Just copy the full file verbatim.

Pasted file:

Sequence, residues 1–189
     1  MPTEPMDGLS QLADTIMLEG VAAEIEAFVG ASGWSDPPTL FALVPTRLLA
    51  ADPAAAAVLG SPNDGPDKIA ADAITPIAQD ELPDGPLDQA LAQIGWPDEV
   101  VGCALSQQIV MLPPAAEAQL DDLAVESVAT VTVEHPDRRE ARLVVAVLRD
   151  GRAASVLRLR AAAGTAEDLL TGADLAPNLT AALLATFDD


Sequence, residues 1–189
     1  MPTEPMDGLS QLADTIMLEG VAAEIEAFVG ASGWSDPPTL FALVPTRLLA
    51  ADPAAAAVLG SPNDGPDKIA ADAITPIAQD ELPDGPLDQA LAQIGWPDEV
   101  VGCALSQQIV MLPPAAEAQL DDLAVESVAT VTVEHPDRRE ARLVVAVLRD
   151  GRAASVLRLR AAAGTAEDLL TGADLAPNLT AALLATFDD